Bernina express towns

Apr 15th, 2007, 03:38 PM
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Bernina express towns

Ok. I've been reading posts about the Engadine area and it sounds great. But which town to hang out in? Pontresina? Chur? Davos? Zernez? Is there one place that attracts young travelers more than another?
travelbird is offline  
Apr 15th, 2007, 10:33 PM
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Chur is on the edge of Graubünden and at the foot of the mountains but not high up like the others.

Please take a look at a map to help you see the difference. Remember, there's a pass separating some of the places so they're really aren't that close together.
kleeblatt is offline  
Apr 16th, 2007, 03:08 AM
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Hi travelbird,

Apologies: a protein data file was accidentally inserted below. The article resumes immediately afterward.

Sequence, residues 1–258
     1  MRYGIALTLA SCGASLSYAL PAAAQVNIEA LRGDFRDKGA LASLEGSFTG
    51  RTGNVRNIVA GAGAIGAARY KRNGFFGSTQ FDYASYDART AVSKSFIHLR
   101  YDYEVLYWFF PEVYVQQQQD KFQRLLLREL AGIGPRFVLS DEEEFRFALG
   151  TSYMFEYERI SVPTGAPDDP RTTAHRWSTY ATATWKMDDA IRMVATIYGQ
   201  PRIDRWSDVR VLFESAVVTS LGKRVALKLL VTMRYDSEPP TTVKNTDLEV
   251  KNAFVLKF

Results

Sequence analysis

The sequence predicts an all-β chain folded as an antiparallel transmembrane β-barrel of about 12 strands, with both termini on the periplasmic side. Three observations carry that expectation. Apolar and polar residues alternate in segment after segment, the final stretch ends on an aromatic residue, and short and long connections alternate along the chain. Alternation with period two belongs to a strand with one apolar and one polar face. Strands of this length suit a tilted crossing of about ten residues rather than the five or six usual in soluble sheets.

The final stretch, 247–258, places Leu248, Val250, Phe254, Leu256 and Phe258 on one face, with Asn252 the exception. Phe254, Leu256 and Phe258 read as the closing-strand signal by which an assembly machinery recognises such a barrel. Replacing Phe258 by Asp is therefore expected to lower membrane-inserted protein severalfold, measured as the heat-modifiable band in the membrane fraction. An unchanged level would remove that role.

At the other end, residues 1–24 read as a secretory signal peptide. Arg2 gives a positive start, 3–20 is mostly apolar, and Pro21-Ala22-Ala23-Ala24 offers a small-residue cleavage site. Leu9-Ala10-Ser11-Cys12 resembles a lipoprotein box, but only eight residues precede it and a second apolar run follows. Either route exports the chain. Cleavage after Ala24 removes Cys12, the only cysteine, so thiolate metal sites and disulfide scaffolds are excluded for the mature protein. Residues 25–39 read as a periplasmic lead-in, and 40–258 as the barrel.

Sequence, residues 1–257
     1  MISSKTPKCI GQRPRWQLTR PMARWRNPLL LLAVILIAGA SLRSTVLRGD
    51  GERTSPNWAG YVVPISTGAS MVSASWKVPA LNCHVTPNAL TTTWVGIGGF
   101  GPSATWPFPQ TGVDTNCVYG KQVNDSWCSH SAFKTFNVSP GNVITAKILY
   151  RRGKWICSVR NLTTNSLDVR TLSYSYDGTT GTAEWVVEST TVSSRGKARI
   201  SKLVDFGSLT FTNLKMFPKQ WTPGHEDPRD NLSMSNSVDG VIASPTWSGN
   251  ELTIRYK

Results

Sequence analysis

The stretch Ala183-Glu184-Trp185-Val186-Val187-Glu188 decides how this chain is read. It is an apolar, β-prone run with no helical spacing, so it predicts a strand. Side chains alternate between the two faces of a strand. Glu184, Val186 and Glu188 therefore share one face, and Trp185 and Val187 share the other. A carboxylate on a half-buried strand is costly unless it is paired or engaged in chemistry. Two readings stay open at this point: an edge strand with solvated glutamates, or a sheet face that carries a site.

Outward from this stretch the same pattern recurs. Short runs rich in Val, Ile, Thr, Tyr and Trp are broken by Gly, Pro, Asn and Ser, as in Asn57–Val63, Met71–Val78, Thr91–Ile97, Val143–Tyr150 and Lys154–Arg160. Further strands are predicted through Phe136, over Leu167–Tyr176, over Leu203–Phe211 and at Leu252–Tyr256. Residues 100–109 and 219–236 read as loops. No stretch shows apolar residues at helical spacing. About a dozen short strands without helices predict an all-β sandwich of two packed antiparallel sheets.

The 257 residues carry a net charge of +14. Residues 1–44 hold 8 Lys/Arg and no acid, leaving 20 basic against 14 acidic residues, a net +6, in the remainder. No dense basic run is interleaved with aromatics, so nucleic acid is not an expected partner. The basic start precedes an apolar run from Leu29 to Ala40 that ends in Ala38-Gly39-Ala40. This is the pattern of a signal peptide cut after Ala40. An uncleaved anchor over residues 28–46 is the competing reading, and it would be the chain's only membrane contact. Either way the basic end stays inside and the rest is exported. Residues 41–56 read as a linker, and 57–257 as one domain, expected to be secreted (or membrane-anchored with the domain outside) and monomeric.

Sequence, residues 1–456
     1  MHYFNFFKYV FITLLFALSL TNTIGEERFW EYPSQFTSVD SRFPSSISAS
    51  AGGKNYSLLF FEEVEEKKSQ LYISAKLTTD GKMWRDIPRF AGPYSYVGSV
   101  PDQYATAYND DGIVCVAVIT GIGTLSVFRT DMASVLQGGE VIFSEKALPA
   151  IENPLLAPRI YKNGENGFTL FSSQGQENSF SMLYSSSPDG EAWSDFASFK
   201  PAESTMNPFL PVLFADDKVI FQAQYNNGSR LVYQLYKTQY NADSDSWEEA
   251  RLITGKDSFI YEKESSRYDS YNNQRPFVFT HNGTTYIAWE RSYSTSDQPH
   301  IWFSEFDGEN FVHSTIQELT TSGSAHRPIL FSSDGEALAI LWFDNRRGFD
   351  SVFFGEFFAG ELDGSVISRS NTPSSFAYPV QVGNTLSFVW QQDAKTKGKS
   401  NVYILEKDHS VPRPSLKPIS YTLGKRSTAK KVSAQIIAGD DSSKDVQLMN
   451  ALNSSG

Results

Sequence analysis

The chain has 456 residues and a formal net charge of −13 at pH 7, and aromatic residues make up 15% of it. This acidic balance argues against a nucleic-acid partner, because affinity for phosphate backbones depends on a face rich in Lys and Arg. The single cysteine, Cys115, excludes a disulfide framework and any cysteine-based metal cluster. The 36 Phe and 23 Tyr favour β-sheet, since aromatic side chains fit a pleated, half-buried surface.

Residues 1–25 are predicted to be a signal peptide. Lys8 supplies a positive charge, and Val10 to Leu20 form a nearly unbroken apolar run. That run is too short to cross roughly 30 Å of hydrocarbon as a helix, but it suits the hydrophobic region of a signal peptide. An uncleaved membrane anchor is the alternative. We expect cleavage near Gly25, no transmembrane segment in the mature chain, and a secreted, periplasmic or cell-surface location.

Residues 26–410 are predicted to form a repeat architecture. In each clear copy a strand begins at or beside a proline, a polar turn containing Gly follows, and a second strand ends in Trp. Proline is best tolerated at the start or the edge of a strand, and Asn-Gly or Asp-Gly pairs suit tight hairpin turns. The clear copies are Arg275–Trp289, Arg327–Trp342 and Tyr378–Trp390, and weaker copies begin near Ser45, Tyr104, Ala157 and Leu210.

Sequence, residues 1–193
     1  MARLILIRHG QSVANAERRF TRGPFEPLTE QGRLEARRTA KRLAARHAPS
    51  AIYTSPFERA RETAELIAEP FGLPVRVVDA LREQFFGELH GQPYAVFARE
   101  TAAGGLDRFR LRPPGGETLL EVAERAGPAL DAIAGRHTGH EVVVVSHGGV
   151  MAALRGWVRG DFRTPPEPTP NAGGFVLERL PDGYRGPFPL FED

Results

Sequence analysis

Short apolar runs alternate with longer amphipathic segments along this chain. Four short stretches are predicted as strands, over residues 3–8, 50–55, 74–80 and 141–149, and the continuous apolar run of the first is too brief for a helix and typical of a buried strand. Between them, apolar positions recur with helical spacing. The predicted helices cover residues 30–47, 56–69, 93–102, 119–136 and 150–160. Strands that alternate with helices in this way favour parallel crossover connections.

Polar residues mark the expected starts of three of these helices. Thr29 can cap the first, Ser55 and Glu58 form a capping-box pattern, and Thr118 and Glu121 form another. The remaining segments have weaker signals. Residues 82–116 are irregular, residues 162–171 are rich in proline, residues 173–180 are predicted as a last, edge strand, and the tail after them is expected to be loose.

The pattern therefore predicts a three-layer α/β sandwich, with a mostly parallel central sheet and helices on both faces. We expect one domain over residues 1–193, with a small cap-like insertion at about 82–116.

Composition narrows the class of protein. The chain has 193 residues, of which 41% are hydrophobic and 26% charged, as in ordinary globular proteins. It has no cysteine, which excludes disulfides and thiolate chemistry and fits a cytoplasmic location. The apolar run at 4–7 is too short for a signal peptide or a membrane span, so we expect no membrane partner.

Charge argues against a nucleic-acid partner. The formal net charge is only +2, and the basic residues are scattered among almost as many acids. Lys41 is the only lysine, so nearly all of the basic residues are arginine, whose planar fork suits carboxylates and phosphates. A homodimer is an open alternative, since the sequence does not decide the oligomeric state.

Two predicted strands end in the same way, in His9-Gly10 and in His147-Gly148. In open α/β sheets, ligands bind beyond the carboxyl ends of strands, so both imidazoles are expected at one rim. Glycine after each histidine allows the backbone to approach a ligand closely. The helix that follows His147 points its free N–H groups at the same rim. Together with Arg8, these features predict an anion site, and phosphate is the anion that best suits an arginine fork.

One way to make a choice between attractive options is to find images of each. Use google images or a photo search at -- use the town name for the search. You may find yourself attracted to one of the towns, and it'll be easier to make the decision.

swandav2000 is offline  
Apr 16th, 2007, 04:10 AM
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The youngest crowds are to find in Silvaplana (surfers e.g. - it's the 'sports' place), but it's relatively small, so not a good place to hang out. It also depends on the time of year you are travelling.

St. Moritz and Pontresina have the most places to 'hang out'.
Ingo is offline  
Apr 16th, 2007, 04:26 AM